Disc one begins and ends with, respectively, an acoustic (1920 and 1923) and electrical (1927) reading of Louis Moreau Gottschalk’s splashy 1869 Grande fantasie, presented by Novaes in such bold colors in the prior inscription that the acoustic process barely contains her scintillating upper registers, oceanic tremolos, and explosive chords. The electrical process allows the ringing flamboyance of the work a fuller sonic breadth. A music-box sonority graces Novaes’ Gluck The Dance of the Blessed Spirits (1923), rife with lustrous jeu perle. Novaes’ realization of the Brahms arrangement of the Gavotte in A (1920) steps lightly and artfully, setting itself next to those inscriptions by Hofmann and Ney as a rendition of choice. Anton Rubinstein’s Nocturne in G, Op. 75, No. 8 (1923) at first seems to beckon to Chopin’s A-flat Ballade, then goes its own way with a series of parlando runs. The Nocturne in B-flat Major, Op. 16, No. 4 of Paderewski (1920) offers a more lilted intimacy. A real moment of Polish pride emerges in Chopin’s Mazurka in D (1920), every national measure confident in its metric propulsion.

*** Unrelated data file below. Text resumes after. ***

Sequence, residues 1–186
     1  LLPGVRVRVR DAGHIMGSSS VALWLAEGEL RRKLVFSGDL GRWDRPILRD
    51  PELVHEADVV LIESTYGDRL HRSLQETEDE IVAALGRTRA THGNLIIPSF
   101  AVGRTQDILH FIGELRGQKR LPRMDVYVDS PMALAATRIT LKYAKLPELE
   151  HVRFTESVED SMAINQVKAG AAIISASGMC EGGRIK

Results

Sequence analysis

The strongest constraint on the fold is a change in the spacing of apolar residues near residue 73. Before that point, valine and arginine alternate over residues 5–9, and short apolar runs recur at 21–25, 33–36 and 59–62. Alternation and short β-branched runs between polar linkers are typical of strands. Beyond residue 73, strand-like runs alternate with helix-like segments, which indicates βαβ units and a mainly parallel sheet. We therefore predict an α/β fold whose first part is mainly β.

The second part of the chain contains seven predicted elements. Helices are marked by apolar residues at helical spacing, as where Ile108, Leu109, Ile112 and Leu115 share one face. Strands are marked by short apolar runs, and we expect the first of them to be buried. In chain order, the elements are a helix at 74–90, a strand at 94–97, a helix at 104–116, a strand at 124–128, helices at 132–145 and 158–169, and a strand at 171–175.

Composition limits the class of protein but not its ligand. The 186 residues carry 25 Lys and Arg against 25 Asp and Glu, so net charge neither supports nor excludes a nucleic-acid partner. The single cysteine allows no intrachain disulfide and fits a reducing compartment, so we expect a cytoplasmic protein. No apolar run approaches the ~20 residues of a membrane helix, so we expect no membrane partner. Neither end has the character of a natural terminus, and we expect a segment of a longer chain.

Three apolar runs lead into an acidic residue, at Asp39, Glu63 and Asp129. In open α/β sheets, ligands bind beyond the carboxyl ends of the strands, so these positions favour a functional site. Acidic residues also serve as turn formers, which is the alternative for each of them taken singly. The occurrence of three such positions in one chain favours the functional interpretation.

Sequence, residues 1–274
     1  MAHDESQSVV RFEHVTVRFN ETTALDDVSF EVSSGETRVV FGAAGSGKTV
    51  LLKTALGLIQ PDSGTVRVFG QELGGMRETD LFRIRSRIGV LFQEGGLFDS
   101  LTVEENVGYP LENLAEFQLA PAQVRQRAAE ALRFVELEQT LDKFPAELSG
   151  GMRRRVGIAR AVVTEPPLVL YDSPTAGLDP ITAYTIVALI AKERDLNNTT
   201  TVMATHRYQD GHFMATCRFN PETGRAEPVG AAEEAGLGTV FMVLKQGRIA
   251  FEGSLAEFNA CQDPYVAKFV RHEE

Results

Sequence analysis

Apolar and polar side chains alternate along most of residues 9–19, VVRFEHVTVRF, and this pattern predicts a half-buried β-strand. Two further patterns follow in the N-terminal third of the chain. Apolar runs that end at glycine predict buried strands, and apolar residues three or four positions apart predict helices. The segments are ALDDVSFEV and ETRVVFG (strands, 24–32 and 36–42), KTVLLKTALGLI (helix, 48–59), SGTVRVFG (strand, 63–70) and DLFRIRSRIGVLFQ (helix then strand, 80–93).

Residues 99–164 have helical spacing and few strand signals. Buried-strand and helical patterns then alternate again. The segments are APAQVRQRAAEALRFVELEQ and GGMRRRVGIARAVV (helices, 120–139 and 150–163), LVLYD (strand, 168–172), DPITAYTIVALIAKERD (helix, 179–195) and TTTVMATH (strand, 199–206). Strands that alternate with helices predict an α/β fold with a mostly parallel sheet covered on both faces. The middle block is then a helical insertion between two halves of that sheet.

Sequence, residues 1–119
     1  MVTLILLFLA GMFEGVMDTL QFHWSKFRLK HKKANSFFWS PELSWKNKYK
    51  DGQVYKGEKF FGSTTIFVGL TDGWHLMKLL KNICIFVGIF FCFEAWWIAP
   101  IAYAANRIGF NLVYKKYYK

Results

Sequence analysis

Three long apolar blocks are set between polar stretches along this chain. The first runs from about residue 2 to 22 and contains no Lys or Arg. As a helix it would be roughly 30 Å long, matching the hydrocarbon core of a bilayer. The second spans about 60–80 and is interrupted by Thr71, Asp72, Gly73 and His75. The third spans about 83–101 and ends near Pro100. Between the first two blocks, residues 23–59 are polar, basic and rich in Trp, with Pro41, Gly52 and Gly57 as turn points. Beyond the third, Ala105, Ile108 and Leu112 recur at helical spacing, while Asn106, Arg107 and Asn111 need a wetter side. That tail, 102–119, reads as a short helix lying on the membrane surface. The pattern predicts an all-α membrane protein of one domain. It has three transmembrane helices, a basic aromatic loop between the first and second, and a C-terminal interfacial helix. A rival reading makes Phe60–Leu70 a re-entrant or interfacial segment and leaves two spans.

If we recall that Novaes’ idol remained her teacher Isidor Philipp (1863-1958), we maintain a surer paradigm of her dominant ethos, which embraced Hungarian, German, Iberian, and Brazilian repertory with uncanny sympathy. The two Liszt concert etudes, Gnomenreigen and Waldesrauschen (1923), exhibit a fleet, diaphanous touch and brilliant dexterity on a thoroughly bravura level, again competitive with the likes of Hofmann and Kentner. Philipp the composer has a brief tribute in the form of his Feux-Follets, Op. 24, No. 3 (1919 and 1947, for Columbia), whose succession of misty double notes, fluttering arpeggios, and ravishing left hand chords does her mentor proud, and played even faster in 1947. The same epithets apply to Novaes’ stunning Hexentanz (1923) of MacDowell. The last of the acoustic records, the 1920 inscription of Alexandre Levy’s Tango Brasiliero, speaks volumes of idiosyncratic national colors. April 8, 1927 proffers five electrical recordings for RCA, beginning with a sultry Tango by Albeniz (arr. Godowsky). Thin wisps of rain or liquid magic rule in Godowsky’s transcription of the Richard Strauss Staendchen. Heitor Villa-Lobos, whose music will feature more overtly in 1947, has a quicksilver etude in O Polichinello. From his Histoires, Jacques Ibert’s The Little White Donkey generates a plastic wit similar to what we know from Debussy; so much more the pity that Novaes did not record that French master, whom Philipp had known and represented well.